Common Wisdom: Church Lady

It’s safe to say my daughter attended more Masses in three weeks abroad with me this summer than she had before we left.  For reasons coincidental or supernatural, her tourist’s timing twice delivered us to special circumstances:

Once we heard Mass celebrated by a Cardinal in his cathedral, and at another time, by a priest who, along with the congregation, faced the altar, a position only seen by this daughter in her mother’s missals.

Directionally challenged and inept as a traveler, I never leave hotels without a guide. My companion readily filled the bill, quickly catching on to currency and subways in London and Paris. We arrived at Westminster Abbey precisely as angelic, soprano voices soared in the nave, prepubescent choir boys practicing Purcell for a concert. Reeling from auditory ecstasy, we risked sensory overload by a trip to the Tate Gallery, after which I wanted to call it a day. But my daughter urged us on to the imposing neo-baroque Brompton Oratory, where an acolyte lit altar candles as we entered. Feigning innocence I whispered, “What do you suppose is going on?” To which came her droll if exasperated reply perceiving an impediment to further touring, “How about a six p.m. Mass?” Bingo. Not only Mass, but, prior to it, recitation of the Angelus, led by the priest.

At the Sign of Peace, peace reigned. No one jostled anyone in programmed bonhomie. An organ played, we prayed. It was dêja vu, the Mass of my youth, and a revelation to my daughter, whose formation entails chatty clerics, guitars, and meager devotions.

At the end of our first day in Paris, I was cajoled into forging ahead to Notre Dame, even though my feet begged to quit. My acquiescence was rewarded. Once again we encountered Mass, this one in progress. Casual tourists were restricted to the narthex, but my expressed desire to participate allowed us to proceed down the left aisle. It was time for Communion and we found an opening in the area cordoned off for standees. “Corps du Christ,” said the priest, and I felt tears of gratitude, so blessed was I to be in that place, at that time.

After Communion, I noticed a white-haired priest in a sedilia on our side of the altar. Suddenly he reached to his right and in a sweeping arc raised a slash of red to his head. Stunned, I realized I was looking at Cardinal Lustiger, third highest in my clerical pantheon. Before he gave the final blessing he spoke to the large crowd, his French lost on me. He then turned to a statue of Our Lady and led the congregation in Salve Regina. Latin! Alleluia! Liberated from the confines of English, I blended with the assembly in words and song.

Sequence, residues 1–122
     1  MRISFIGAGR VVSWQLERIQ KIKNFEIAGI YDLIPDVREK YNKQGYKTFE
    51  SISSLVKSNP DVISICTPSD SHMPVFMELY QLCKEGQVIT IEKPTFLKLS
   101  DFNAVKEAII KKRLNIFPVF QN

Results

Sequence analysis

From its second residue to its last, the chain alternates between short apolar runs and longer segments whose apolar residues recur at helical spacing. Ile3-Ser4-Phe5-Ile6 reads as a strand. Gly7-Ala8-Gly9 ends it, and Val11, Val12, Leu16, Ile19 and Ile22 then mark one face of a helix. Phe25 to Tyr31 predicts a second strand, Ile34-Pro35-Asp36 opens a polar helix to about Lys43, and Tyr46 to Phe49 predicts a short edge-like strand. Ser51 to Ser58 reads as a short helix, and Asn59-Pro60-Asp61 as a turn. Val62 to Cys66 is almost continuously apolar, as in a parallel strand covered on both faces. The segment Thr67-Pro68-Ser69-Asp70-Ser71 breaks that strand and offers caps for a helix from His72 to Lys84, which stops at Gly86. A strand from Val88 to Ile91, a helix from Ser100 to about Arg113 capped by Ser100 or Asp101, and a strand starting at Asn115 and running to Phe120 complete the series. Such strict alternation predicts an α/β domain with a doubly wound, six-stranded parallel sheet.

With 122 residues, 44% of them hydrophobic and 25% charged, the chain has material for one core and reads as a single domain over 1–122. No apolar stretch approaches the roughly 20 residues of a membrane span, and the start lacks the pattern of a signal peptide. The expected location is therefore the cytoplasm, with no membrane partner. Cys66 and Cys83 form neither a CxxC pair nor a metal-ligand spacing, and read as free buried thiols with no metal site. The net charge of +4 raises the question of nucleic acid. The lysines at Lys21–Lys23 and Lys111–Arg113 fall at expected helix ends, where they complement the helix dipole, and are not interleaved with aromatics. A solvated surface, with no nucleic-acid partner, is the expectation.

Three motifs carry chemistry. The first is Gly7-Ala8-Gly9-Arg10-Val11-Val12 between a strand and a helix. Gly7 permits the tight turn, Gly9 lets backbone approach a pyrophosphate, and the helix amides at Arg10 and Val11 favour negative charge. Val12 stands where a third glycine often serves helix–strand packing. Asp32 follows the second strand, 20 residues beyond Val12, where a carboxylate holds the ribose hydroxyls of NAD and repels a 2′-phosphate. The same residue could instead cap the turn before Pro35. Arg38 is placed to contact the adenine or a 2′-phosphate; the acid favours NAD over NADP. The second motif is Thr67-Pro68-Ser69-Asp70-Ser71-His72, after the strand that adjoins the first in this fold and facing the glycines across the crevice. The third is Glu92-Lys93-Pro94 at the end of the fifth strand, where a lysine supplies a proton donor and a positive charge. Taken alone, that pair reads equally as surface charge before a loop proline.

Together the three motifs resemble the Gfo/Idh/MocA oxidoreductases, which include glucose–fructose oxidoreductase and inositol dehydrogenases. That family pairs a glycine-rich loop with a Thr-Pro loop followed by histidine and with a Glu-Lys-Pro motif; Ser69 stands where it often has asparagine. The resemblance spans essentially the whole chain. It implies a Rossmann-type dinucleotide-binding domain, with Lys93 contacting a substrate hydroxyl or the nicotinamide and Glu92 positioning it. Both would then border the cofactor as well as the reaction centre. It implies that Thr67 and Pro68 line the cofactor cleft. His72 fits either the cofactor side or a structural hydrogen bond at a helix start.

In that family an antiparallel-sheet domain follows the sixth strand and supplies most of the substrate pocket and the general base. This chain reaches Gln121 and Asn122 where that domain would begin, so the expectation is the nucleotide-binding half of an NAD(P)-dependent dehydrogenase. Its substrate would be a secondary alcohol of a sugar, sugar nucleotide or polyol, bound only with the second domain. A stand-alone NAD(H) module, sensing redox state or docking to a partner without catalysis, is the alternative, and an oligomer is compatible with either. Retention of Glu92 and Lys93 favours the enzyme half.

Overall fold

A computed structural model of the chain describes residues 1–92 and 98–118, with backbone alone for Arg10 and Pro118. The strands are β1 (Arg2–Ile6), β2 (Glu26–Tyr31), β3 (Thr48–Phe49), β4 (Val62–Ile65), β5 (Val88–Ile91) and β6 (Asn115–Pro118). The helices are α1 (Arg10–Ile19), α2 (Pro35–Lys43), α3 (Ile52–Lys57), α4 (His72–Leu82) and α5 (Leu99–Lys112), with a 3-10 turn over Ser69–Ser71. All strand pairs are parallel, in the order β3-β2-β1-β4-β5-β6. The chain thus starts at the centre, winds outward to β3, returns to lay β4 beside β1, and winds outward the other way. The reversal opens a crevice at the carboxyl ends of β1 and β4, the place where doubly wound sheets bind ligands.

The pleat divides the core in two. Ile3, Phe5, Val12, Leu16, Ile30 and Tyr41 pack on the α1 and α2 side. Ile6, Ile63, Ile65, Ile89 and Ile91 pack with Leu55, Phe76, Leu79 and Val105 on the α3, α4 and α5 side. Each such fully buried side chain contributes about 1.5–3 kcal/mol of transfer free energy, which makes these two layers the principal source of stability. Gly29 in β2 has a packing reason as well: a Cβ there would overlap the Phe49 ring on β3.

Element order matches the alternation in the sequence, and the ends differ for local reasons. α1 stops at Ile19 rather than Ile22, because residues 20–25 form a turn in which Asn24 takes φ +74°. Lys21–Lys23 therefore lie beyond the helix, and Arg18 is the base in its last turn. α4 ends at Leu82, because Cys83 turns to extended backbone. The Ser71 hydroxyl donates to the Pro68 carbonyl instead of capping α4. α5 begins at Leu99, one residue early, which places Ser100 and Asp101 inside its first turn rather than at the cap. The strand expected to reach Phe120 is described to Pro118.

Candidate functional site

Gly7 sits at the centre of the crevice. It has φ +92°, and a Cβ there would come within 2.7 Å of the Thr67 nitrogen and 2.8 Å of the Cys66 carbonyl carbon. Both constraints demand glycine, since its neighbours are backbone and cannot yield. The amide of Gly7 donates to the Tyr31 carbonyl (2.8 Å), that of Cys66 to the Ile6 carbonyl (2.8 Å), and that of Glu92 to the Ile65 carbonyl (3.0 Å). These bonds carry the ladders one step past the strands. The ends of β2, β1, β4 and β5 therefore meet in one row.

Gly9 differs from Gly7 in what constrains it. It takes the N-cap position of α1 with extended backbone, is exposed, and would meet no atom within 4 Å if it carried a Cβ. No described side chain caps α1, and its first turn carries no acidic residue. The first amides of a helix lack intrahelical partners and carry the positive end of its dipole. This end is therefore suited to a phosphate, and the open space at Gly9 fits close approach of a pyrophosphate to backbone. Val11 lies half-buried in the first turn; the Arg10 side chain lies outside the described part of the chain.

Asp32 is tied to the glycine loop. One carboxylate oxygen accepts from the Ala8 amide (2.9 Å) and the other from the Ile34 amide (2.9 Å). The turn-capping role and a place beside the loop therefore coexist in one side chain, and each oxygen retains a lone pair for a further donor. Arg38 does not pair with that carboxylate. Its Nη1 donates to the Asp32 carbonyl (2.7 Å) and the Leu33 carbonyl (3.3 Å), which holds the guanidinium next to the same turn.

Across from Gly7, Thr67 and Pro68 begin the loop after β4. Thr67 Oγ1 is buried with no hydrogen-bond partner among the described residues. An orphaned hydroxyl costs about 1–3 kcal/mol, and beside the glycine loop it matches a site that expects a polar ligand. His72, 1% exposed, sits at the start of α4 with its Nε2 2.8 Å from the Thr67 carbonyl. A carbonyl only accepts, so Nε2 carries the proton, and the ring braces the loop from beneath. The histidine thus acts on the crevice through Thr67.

Later that week we returned to hear Mass. It reminded me of the last Mass I heard in France at Sacre Coeur in 1964, when limited vernacular made its (intrusive) entrance. I recalled the chilling sense of alienation and discomfort in those moments, mercifully dispelled when we resumed familiar prayers in Latin. In 1995, no such respite. I listened to the exquisite sound of French, even as it isolated from common worship those who could not speak it.

My conviction was renewed that the most damaging post-conciliar mistake was the de facto scrapping of a universal liturgical language. Documents and pieties about keeping Latin notwithstanding, the reality is that the dead language is a dead issue. For my daughter’s generation there is no such deliverance at Mass in foreign lands as there was for mine. Latin is strange to her ears. The aggressive push by those who rushed to dispose of Latin exactly as air travel became more available to more people — thus enabling Catholics of diverse nationalities to experience the universality of our Mass as concretely expressed by a common tongue — remains an egregious paradox.

Equally bewildering to this Amercan, watching our own churches go down like bowling pins, was the sight of a church every time we turned a corner. No signs saying “For Sale.” Here in San Francisco, beautiful St. Brigid is boarded up and sealed; in neighboring Palo Alto, St. Aloysius has become Ananda, Church of Self-Realization. By every poll, Americans score higher in Mass attendance than do the French. How do we reconcile the contradiction?

Only in Paris did my daughter and I share a room, revealing routines usually private. At bedtime our first evening she exited the shower to find me kneeling for nighttime prayers. “Mother!” came the bemused outburst. “Stop bothering God! You’ve pestered Him enough for one day.”

She knows, of course, that love for Christ and His Church is the core of who I am, and that this love remains no matter where I kneel or how far I may be from my own bed. Looking back on our summer adventure, I remember all the churches and all the bedrooms, where continuity and contact and comfort were initiated merely by a gesture and words which begin, “In the name of the Father, and of the Son, and of the Holy Spirit.” Despite my daughter’s admonition, I will continue to bother the Lord wherever I go.

By

B. F. Smith is a freelance writer and former contributing editor to Crisis Magazine.

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